David Rosengard: Oh, that’s a really good question. It would depend on how it played with your state-level equivalent. So here, I want to be really careful to underscore that every state is going to work differently with this. But there are some states where explicitly, local municipalities don’t have the authority to overrule that kind of State function. Local municipalities have to have the minimum of the state statute but can go above and beyond it. So, depending on where you’re at, you might be able to supplement your state’s statute with something that goes into greater detail. You might be able to, if you have no state statute, you might be able to do one at a local level. It’s really going to depend on what jurisdiction you’re in and what the larger, the technical phrases, home rule question is as to whether the state statute or the local statute precludes further activity.



Audience Question: In Massachusetts, recent court case law states that if the defendant does not have the ability to pay, then the bond security posting is not issued by the court. Has any other agency had this problem in getting a bond? 

David Rosengard: So, I know there are some statutes that specifically envision what to do when defendants can’t pay and often use a similar mechanism that would be used to determine if someone is able to avail themselves with a court-appointed counsel. I think that sort of statutory solution is preferable because it lays out a clear legislative policy and system for saying, “If you can’t pay, you don’t forfeit the animal, this is how we deal with the animal in the meantime.” I do know that I’ve heard of that Massachusetts case I don’t know of other jurisdictions that have reached that kind of holding where without a statutory pronouncement. There’s been a decision that people who can’t pay are able to avoid forfeiture. And I think it really comes back to you’re looking at those policy questions why bond or forfeiture in this case exists, which is the presumption that when you own an animal, you take on certain responsibilities for that animal. When you decide that you’re going to have a dog, or a cat, or a herd of cattle, you take on the responsibility for providing them with the legal minimum necessary food, water, shelter, etc. And if you didn’t have the money to do that, you shouldn’t have the animal. So, I, in being sensitive to issues about criminalizing poverty and drawing lines around who can and can’t benefit from the loss of an animal in their life. I think that conversely, it’s important to recognize that animals do deserve to have the necessary care they should receive. And if you, if someone for whatever reason can’t do that, then sadly they’re probably not someone who is in a position to have an animal. I would want to refresh my memory on the Massachusetts case. Remember how exactly they got there? But I think that’s the needle they’re trying to thread. And I would rather see that addressed through some sort of legislative mechanism that says, here’s how we figure out with what your ability to handle the bond is. If you can’t handle the bond, here’s what happens.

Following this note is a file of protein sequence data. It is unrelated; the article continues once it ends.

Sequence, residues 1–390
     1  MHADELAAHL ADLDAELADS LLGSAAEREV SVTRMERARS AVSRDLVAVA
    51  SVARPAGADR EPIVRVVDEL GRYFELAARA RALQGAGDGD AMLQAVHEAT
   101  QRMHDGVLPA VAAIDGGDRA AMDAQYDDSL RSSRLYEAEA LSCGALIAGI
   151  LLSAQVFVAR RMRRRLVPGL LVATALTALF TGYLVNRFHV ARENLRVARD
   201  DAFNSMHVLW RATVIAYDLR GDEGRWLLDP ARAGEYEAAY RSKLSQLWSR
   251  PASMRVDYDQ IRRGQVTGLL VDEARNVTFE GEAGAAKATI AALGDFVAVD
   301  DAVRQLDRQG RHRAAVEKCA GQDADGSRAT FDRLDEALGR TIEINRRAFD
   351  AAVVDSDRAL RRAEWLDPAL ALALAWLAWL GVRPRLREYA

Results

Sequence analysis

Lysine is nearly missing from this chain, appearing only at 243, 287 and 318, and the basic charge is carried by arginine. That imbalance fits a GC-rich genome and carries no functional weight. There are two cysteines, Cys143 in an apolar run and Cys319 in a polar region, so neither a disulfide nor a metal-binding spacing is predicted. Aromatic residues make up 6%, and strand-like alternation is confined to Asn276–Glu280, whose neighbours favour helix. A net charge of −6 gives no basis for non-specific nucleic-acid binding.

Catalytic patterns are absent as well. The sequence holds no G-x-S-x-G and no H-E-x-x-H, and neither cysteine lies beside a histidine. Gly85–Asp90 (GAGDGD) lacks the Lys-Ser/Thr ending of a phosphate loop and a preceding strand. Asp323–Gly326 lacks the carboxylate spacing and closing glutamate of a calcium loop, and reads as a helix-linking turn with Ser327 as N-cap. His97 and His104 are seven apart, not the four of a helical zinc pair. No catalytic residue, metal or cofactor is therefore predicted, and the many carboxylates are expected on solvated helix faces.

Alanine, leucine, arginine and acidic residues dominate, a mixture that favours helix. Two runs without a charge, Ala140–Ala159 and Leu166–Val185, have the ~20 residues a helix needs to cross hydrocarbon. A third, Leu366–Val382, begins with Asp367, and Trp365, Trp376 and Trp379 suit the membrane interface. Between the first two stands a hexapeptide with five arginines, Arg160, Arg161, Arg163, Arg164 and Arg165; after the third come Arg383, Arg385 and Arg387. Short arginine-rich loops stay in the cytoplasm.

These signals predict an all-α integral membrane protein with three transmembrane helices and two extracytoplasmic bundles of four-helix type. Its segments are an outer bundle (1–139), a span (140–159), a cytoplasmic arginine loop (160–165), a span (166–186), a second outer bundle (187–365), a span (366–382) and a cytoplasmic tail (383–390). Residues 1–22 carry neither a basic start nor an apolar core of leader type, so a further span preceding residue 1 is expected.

Audience Question: Can you expand on how the donations do not impact the bond? We had that issue come up with a judge on the Neutzler case in Tennessee.